Sunday, October 30, 2016

Questions about בראשית

Over the next few weeks I am going to post some of my questions about the Parsha. Note, as I have done in the past I am going to be focusing on internal questions not external questions.

My big question this week is how did Adam sin with the עץ הדעת if before eating from it he had no free will? How can a creature with no free will sin? The Rishonim (Ramban, Rambam, Rabenu Bechaye) give IMHO unconvincing answers. The Ramban and Rabenu Bechaye write that man was like a מלאך before the חטא and even so he sinned just like מלאכים sometimes do bad things. WADR, that makes little to no sense. If you have no free will then how can you choose to sin? One answer given by the Nefesh Hachaim is that before he ate from the עץ הדעת the yetzer hara was external. He had perfect clarity as to what was good and what was evil. After the חטא the yezter hara became part of man and now the yetzer hara can convince us/trick us into thinking good is bad and bad is good. The problem is that if he had perfect clarity why did he sin?

Additionally, we can ask that if man was like a מלאך with no free will then what was the point of creation? Hashem already had מלאכים why did he need man?

In truth the whole story makes very little sense. Chazal say that if Adam hadn't sinned and had made it until Shabbos the world would have fulfilled it's mission. and none of us would be here. Lets think about that. God creates the world with a certain outcome in mind and then Adam sins and upsets the applecart and everything changes from a to z. The world becomes a completely different place with new challenges and a new way of life. Why would an omniscient God do that? Why would he create a world one way and a few hours after the creation of man change the whole world? If God knew that man was going to sin why not just create the world that way? The same applies to the Mabul, why create the world and destroy it a thousand years later? Why not just start from Noach?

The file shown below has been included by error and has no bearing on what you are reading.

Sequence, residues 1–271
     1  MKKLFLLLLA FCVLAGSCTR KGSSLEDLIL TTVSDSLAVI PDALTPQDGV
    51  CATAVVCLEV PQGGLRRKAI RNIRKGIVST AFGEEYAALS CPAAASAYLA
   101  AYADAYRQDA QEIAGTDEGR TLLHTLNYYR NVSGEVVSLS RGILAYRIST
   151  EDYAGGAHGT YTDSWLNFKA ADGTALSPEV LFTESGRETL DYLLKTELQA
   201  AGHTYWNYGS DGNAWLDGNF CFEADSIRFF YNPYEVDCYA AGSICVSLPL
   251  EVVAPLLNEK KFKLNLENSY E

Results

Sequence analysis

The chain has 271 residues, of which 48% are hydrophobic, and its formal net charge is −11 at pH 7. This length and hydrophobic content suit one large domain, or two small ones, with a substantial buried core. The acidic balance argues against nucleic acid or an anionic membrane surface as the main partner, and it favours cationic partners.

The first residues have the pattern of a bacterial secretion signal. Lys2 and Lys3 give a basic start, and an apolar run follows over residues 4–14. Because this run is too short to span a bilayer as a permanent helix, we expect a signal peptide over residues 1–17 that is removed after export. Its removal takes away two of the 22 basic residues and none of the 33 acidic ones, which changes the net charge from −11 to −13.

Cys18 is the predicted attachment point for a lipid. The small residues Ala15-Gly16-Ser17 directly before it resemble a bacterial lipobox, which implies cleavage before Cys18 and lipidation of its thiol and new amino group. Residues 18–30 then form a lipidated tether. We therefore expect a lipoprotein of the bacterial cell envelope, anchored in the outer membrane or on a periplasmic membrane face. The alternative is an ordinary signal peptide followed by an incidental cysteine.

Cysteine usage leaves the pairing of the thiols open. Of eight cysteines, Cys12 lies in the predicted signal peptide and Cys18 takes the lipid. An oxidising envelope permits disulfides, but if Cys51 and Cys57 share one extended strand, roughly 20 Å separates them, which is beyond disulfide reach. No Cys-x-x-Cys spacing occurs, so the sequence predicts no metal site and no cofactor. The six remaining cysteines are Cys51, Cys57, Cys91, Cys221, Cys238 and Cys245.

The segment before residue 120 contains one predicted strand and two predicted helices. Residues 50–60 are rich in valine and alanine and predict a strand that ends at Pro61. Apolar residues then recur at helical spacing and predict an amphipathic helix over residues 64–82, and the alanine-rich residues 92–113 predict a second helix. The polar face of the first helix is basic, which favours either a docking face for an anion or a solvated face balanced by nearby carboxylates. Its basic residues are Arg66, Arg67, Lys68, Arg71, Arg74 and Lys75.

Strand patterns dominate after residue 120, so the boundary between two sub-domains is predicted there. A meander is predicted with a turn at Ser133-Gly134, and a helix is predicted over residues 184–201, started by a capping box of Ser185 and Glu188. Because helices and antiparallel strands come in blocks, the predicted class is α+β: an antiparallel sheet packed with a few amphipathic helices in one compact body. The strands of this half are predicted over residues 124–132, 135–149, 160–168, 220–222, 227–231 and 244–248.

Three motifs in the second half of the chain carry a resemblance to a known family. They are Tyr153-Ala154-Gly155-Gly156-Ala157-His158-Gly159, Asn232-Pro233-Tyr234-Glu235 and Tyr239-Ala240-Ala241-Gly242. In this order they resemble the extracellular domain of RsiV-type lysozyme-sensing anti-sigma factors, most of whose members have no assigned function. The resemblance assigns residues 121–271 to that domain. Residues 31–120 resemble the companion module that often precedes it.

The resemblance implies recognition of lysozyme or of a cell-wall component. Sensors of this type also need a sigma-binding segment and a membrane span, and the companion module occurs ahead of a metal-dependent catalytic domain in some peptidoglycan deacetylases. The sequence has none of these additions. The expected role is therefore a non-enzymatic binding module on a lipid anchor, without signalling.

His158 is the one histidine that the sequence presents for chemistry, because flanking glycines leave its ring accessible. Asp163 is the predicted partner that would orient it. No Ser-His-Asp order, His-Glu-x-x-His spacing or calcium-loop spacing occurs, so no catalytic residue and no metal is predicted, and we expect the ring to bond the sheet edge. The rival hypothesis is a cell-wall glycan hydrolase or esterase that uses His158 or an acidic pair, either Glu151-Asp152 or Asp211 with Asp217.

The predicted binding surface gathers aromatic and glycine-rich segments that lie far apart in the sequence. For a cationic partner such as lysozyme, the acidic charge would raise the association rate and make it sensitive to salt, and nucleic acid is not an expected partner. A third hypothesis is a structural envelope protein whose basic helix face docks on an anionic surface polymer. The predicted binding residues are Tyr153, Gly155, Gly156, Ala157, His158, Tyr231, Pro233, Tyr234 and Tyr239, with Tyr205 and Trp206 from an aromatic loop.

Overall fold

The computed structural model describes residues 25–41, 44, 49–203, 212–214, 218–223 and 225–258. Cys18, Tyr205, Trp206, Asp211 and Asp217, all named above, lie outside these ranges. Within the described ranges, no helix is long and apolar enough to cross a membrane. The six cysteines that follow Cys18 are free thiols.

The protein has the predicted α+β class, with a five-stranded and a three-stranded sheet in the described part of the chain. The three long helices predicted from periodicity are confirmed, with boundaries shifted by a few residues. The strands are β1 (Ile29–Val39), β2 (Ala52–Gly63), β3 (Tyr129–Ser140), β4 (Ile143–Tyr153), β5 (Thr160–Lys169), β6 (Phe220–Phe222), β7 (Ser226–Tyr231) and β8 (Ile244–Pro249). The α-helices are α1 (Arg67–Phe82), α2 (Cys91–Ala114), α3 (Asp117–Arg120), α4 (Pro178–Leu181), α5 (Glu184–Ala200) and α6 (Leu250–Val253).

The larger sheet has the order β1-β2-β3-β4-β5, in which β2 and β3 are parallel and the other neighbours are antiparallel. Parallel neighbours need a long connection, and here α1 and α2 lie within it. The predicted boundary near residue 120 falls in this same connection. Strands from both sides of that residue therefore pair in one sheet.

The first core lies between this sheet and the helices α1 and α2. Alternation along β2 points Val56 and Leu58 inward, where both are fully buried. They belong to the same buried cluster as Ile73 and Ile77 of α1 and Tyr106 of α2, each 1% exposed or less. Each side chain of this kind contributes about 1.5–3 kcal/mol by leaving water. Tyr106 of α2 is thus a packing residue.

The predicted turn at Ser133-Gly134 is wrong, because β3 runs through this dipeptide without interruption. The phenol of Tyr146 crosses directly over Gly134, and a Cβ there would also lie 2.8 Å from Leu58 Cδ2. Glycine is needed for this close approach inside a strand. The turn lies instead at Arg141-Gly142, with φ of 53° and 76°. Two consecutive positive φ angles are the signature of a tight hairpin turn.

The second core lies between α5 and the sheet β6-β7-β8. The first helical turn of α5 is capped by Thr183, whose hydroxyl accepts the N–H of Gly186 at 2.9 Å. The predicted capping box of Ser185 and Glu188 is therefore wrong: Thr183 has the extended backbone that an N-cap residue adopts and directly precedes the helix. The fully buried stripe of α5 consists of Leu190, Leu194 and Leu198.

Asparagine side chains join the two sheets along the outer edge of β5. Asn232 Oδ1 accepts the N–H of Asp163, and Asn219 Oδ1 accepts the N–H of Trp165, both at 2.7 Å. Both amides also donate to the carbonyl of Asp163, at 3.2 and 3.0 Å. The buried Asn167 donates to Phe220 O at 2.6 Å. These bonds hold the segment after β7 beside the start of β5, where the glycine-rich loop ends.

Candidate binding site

Wednesday, October 26, 2016

The past few weeks were really tough

Rosh Hashana and Yom Kippur this year were very very hard. On one hand, as everyone reading this knows, I have become a skeptic and have serious doubts about Judaism. Therefore the whole idea of Rosh Hashana being the Yom Hadin and God judging everyone is hard to believe. [In fact, the Gemara has no source for Rosh Hashana being the Yom Hadin, the Ran says that Adam was created, sinned and judged on Rosh Hashana so therefore it became the Yom Hadin for mankind and Adam passed that bit of information along. Since it is patently clear that the creation story can't be taken literally then the Ran's explanation is completely untenable. Rosh Hashana seems to me a good example of the evolution of Judaism where the holiday evolved over the years into what it is now. ] On the other hand, it is hard not to get swept up at least partially in the atmosphere when everyone around you including your wife and older kids takes it very seriously and you spend 7 hours in shul on Rosh Hashana and 11 hours in Shul on Yom Kippur. As I davened on both RH and YK I felt very strange, I said the words but in the back of my mind a little voice was screaming, you don't believe this. You don't believe that God runs the world, you don't believe that God punishes people for their sins, you don't believe that the sins that you are beating your chest for are really sins...

Succos got a little easier as I enjoy building a succa and I took the pain free alternative in buying my 4 minim, I bought a closed box set that was supposed to be mehudar.